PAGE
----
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Nov 7th, 2006, 03:51 AM
  #10  
 
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Check out the catalog for Winter Silks. It will be quite cold in Firenze, and perhaps Paris too. You need warm socks and waterproof shoes with good traction for wet marble. (Not running shoes.)

A fleece scarf and hat goes a long way to keeping you warm. Since you will spend so much time walking outdoors you'll need a winter coat, and I would recommend one that goes to your knees and has a hood for maximum dryness.
nessundorma is offline  
Nov 7th, 2006, 04:24 AM
  #11  
 
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Shop closings are usually 12:30-3:30 or 1-4 and reopen from 4-7.

Many museums have cafes with surprisingly decent food if you need a break.

The ES train from Florence (station is a short walk from historic district) to Rome Termini station takes 1 1/2 hours and cost is about 30E one way. Schedules are on www.trenitalia.com. Termini is also on a subway line so you can catch that to either the Vatican or Coliseum.
kybourbon is online now  
Nov 7th, 2006, 06:07 AM
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Some tips at Quattro Leoni. If you decide to go, try their fabulous first course pasta dish made with pears, asparagus and cheese. The name always escapes me, someone else may remember it, but it is absolutely magnificent. Their cheesecake for desert is divine, tiramisu is just surprisingly so-so. You may not need reservations in December, but it is worth making them if you can.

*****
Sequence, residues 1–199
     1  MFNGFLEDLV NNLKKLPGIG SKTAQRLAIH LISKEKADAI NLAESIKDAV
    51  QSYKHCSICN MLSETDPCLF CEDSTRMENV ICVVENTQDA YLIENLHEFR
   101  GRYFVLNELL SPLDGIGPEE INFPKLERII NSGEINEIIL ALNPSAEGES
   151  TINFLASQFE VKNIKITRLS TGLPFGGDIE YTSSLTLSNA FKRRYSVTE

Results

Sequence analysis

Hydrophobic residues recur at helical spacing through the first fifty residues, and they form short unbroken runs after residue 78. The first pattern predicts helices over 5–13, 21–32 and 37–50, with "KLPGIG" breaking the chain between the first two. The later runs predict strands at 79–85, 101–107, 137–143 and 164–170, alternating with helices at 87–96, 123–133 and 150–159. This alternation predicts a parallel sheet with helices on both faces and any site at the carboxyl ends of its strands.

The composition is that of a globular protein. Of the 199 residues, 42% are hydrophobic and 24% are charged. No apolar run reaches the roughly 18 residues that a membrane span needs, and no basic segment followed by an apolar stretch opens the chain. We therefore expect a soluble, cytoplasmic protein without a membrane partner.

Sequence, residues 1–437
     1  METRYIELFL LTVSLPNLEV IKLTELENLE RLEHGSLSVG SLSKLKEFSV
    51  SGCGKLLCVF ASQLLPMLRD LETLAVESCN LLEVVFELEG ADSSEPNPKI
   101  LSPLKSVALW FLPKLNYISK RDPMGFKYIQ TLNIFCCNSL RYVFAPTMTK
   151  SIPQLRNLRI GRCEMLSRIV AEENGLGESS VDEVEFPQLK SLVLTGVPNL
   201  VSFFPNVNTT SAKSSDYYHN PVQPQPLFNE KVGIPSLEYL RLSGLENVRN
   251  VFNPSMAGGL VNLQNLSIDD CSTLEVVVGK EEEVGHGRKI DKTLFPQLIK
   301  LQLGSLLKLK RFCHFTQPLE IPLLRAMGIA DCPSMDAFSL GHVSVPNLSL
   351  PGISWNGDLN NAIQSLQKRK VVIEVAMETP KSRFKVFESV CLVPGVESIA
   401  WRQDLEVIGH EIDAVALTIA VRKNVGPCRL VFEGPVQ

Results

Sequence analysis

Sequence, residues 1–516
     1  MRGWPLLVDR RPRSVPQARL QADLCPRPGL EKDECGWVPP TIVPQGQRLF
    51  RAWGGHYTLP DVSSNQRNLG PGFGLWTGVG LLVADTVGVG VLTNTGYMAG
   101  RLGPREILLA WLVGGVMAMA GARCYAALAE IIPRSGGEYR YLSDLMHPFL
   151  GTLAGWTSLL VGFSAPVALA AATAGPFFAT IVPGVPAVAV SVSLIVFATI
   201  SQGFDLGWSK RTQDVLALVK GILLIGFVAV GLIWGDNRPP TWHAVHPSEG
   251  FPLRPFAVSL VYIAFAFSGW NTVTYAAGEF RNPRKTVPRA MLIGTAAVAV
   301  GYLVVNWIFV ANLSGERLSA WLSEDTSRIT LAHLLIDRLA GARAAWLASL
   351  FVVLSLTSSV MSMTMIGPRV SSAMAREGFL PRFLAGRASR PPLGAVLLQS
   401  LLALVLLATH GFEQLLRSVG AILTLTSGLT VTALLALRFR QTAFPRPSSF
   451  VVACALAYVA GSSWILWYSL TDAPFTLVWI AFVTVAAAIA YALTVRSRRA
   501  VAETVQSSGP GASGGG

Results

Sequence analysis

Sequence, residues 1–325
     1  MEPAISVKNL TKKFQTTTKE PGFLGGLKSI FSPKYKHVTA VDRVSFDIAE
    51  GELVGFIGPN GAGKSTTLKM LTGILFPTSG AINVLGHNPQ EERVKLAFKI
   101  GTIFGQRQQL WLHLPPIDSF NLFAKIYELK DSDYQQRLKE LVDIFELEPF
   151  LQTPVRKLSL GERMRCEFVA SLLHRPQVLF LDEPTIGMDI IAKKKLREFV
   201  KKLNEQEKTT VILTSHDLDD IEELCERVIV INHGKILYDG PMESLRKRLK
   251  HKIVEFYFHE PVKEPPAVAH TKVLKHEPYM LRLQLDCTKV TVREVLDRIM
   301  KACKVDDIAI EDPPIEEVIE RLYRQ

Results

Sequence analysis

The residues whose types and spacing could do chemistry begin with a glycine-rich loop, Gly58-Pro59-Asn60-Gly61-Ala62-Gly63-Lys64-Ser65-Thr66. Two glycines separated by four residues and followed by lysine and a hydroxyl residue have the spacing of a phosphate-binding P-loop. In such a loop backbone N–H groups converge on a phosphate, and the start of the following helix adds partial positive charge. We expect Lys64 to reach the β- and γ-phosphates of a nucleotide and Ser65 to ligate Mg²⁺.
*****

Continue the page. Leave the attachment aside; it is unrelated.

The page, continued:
For a fabulous quickie lunch, we had the famous boiled beef sandwiches at Nerbone stall in the San Lorenzo market.
Flame123 is offline  
Nov 7th, 2006, 07:00 AM
  #13  
MaureenB
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Just a caution regarding Acqua al 2, though. As I said, it gets loud and very crowded. And servers aren't especially attentive. It's very popular with the twenty-something and student groups. And you might have to share a table. So just be aware that is the atmosphere. It's not a quiet, romantic type of place. Great food, though, and definitely a fun experience. I don't think you'd need reservations more than a day or two in advance. Maybe try to a 'school' night when students might not be out and about so much. Although there are tons of students in Florence!

Another spot that gives a good hillside view of Florence is from San Miniato church. You can take a city bus there. (More info. in my trip report.)
>-
 
Nov 7th, 2006, 07:01 AM
  #14  
MaureenB
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P.S. I meant to say try to GO On a 'school' night at Acqua al 2.
 
Nov 7th, 2006, 08:03 AM
  #15  
 
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Quinn, you might want to try Acqua al 2 location in the Gaslamp area of San Diego before your trip. I beleive it is another family member of the florence location.
StephenG is offline  
Nov 9th, 2006, 07:38 PM
  #16